In terms of 3D, LG admitted it was no longer a priority and that support for the format would be reduced going forward but the OLED TVs that do support 3D will come with a pair of passive glasses included. Whether you feel the E6 is worth the £500 premium over the B6 will depend on how much importance you place on built-in sound quality and 3D support. However LG also hinted that the picture quality would be incrementally better on the E6 and G6 due to the different SoC (System on Chip) implementations being used - which also might influence your decision. We think the pricing of this year's OLED models seems fair when you consider everything they offer but if you are tempted by price reductions in last year's models such as the EF950V, you might want to consider the picture quality improvements on this year's OLED TVs.

    In terms of picture quality the LG engineers were on hand to demonstrate the improvements made to their OLED TVs this year using a 65-inch G6. First of all LG have improved the screen uniformity and the engineers demonstrated this with a 5% (5 IRE) grey full field pattern. The screen certainly did look uniform with less vertical banding and no evidence of the dark edges or vignetting seen on previous LG OLEDs. However we will naturally test these improvements ourselves when the new LG OLEDs come in for review over the next few months.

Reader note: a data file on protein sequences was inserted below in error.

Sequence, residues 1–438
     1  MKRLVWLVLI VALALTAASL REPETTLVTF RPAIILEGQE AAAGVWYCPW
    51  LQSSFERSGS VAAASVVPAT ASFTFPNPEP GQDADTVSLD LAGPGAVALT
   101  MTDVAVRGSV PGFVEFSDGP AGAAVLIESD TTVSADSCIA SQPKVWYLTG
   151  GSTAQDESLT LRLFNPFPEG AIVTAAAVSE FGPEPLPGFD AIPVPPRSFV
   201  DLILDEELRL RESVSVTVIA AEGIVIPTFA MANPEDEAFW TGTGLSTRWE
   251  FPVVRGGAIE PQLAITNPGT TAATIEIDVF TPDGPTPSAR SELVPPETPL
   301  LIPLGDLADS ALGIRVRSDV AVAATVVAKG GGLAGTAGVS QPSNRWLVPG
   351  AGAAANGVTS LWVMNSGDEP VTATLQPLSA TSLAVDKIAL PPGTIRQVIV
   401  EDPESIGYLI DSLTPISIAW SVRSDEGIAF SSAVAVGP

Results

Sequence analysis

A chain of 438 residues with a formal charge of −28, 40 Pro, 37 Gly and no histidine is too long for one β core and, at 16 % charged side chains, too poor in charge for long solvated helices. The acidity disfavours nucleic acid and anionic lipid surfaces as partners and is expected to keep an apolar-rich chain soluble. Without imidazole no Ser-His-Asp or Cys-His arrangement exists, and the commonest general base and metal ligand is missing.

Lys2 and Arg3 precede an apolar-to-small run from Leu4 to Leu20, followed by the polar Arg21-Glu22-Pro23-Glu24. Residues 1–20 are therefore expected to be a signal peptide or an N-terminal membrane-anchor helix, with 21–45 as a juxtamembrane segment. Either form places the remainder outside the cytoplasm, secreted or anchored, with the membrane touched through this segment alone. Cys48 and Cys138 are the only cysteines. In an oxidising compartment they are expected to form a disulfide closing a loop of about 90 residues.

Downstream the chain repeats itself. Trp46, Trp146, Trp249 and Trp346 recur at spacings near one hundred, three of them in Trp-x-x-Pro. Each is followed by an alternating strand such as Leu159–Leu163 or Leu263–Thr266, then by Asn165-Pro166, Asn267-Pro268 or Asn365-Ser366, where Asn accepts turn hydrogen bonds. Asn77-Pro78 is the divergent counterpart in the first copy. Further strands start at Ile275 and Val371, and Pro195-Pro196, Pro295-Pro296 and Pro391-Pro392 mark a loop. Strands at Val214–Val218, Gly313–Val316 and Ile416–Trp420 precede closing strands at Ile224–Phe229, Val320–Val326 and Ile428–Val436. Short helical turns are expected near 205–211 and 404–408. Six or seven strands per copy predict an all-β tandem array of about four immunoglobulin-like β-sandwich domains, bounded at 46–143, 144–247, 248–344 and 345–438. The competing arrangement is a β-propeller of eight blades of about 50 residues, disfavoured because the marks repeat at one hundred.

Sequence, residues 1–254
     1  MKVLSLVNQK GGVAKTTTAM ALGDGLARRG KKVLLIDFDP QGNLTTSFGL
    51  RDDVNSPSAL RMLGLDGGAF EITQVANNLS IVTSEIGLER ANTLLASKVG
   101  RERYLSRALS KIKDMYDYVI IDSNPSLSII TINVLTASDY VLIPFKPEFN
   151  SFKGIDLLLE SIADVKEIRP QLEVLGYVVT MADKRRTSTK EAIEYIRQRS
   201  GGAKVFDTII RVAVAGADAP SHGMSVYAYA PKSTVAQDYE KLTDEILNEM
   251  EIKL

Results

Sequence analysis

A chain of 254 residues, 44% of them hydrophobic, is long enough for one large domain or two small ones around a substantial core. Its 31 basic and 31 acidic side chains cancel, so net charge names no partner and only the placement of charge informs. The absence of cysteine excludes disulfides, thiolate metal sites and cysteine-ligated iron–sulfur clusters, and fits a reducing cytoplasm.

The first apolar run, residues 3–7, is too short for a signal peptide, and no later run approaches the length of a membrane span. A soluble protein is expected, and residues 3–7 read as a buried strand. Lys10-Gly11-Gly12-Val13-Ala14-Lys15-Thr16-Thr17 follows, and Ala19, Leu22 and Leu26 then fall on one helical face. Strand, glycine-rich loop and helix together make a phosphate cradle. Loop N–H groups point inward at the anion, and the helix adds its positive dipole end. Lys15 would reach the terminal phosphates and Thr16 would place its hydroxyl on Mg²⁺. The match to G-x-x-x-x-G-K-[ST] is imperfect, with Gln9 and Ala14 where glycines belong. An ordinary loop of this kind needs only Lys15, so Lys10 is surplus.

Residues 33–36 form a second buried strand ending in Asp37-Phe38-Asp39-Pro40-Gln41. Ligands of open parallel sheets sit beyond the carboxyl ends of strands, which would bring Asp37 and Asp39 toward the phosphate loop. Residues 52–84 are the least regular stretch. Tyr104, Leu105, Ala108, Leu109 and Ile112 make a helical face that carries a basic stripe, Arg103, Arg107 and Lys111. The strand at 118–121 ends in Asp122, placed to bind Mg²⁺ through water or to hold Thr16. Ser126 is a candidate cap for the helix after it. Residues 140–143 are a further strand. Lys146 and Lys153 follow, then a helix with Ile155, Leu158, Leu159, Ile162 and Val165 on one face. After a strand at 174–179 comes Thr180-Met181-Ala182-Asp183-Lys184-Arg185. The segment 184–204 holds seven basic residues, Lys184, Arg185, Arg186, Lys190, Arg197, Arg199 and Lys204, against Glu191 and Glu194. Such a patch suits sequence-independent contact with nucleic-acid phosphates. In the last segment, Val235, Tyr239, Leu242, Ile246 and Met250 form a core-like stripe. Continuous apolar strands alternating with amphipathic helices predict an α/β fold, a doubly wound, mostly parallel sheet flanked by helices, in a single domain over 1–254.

Secondly the gradations just above black have also been improved, resulting in a smoother transition from black into grey. The transition out of black was more crude in previous generations but this has now been refined to eliminate black crush. The engineers were using a video level pattern that showed 24 and below; 16 was black and 17 was just visible before gradually increasing up to 24, showing that the 2016 models are better able to show shadow detail in images just above black. Again we will test this performance on all the LG OLED TVs that come in for review this year.
    LG have made improvements to OLED picture quality with better screen uniformity and black gradation.